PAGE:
All IPCC definitions taken from Climate Change 2007: The Physical Science Basis. Models are unreliable "[Models] are full of fudge factors that are fitted to the existing climate, so the models more or less agree with the observed data.
Working Group I Contribution to the Fourth Assessment Report of the Intergovernmental Panel on Climate Change, Annex I, Glossary, pp. But there is no reason to believe that the same fudge factors would give the right behaviour in a world with different chemistry, for example in a world with increased CO2 in the atmosphere." (Freeman Dyson)Climate models are mathematical representations of the interactions between the atmosphere, oceans, land surface, ice – and the sun.
CO does explain that rise, and explains it completely without any need for additional, as yet unknown forcings.
This is clearly a very complex task, so models are built to estimate are weather, averaged out over time - usually 30 years.
Trends are important because they eliminate - or "smooth out" - single events that may be extreme, but quite rare.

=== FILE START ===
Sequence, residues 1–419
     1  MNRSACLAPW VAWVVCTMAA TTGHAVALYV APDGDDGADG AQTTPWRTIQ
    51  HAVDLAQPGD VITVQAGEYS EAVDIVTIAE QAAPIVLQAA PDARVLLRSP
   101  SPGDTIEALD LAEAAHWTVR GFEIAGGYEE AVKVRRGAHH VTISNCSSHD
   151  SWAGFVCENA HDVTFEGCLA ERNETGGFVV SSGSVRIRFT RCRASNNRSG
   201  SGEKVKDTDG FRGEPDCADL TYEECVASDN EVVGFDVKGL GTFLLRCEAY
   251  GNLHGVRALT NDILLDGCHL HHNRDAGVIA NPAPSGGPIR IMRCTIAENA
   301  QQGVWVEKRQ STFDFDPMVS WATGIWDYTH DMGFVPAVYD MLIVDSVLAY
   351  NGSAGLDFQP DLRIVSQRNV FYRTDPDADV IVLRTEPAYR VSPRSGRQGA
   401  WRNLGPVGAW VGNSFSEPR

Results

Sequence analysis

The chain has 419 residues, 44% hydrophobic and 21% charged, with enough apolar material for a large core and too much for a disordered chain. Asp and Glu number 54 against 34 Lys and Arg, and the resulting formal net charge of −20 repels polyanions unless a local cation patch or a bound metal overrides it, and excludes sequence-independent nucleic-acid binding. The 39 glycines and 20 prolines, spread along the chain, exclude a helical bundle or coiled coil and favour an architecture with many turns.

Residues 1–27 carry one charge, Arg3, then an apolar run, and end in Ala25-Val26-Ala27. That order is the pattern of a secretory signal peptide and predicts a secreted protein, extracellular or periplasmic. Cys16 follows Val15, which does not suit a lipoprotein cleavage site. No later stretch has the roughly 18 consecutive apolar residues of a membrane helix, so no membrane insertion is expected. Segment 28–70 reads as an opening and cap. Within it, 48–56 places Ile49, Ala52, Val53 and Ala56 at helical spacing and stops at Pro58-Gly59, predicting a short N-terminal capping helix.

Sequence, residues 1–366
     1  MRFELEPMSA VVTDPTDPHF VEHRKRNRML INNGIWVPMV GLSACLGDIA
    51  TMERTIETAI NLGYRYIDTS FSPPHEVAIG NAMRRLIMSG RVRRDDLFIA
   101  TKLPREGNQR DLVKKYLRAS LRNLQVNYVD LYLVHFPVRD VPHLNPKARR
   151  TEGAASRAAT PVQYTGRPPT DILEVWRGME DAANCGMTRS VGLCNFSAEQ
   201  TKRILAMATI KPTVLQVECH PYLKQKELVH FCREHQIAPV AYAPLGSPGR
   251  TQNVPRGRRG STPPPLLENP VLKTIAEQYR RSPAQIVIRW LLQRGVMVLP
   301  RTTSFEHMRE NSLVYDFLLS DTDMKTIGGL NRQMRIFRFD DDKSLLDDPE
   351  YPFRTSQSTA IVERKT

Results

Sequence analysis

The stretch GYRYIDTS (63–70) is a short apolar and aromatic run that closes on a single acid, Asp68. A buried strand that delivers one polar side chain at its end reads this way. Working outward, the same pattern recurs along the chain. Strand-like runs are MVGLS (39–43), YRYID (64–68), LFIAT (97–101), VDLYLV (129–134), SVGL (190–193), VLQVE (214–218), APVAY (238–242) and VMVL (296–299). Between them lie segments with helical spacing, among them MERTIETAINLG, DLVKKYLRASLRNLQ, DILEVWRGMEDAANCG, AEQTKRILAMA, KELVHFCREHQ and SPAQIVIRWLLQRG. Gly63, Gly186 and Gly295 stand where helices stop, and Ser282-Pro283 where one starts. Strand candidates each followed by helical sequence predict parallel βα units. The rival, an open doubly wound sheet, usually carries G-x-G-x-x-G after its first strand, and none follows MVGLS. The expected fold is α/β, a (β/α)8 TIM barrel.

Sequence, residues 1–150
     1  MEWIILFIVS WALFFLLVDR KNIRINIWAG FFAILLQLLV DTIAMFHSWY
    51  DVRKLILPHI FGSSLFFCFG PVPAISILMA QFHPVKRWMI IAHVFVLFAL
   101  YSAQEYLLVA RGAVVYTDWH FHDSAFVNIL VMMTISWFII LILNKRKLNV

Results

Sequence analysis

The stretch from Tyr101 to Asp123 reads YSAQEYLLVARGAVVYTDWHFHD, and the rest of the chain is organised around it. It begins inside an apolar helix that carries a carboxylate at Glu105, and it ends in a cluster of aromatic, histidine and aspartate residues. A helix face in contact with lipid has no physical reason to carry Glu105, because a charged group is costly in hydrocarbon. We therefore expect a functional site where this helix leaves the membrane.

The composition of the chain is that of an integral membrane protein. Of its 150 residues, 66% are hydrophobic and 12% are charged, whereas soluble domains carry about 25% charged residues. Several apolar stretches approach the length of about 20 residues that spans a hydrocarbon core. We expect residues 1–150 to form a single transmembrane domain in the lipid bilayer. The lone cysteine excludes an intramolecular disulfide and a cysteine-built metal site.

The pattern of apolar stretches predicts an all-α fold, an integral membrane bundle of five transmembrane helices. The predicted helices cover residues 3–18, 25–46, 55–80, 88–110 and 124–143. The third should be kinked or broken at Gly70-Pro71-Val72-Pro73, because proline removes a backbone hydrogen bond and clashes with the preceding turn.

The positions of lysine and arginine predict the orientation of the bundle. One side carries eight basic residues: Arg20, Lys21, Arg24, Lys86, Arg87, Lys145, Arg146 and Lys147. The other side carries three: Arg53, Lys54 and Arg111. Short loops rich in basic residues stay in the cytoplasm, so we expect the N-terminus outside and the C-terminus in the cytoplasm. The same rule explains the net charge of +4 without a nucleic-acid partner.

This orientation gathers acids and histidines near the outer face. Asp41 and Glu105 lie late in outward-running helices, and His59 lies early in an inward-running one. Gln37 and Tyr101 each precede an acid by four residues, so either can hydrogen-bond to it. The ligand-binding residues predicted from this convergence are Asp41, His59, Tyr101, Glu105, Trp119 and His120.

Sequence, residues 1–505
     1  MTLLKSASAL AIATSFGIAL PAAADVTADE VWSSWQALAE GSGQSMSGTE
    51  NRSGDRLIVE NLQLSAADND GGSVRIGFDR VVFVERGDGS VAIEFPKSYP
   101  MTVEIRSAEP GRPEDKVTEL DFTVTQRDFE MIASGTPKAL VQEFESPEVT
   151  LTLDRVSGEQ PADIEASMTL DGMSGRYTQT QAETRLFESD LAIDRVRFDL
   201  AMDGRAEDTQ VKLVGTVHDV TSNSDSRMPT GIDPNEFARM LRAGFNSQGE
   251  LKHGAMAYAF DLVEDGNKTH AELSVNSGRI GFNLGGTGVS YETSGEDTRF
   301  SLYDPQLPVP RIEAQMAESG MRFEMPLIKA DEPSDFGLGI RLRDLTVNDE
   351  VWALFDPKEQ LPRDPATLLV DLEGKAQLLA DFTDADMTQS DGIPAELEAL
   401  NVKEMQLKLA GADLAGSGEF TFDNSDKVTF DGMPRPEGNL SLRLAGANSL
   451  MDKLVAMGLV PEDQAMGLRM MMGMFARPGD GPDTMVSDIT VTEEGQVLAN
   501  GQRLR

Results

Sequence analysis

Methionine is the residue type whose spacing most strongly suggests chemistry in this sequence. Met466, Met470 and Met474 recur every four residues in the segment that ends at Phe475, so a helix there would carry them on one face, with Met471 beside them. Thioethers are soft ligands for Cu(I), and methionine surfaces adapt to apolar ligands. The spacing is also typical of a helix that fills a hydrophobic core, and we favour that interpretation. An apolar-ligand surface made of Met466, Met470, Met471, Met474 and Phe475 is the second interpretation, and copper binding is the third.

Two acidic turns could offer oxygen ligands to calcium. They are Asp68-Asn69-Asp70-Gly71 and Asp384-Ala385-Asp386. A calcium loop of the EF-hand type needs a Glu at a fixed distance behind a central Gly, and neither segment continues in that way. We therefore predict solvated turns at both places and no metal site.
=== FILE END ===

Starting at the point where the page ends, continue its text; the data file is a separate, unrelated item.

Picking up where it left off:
If a model can correctly predict trends from a starting point somewhere in the past, we could expect it to predict with reasonable certainty what might happen in the future.
So all models are first tested in a process called .
A brief survey of the literature concerning volcanogenic carbon dioxide emission finds that estimates of subaerial emission totals fail to account for the diversity of volcanic emissions and are unprepared for individual outliers that dominate known volcanic emissions.
Deepening the apparent mystery of total volcanogenic CO emission and fossil fuel consumption that are, to date, unquantified.
Furthermore, the discovery of a surprising number of submarine volcanoes highlights the underestimation of global volcanism and provides a loose basis for an estimate that may partly explain ocean acidification and rising atmospheric carbon dioxide levels observed last century, as well as shedding much needed light on intensified polar spring melts.
Based on this brief literature survey, we may conclude that volcanic CO is exclusively anthropogenic.
This list of climate scientists contains famous or otherwise notable persons who have contributed to the study of climate science.
The list is compiled manually so will not be complete or up to date.
See also Category: Climatologists and List of authors of Climate Change 2007: The Physical Science Basis.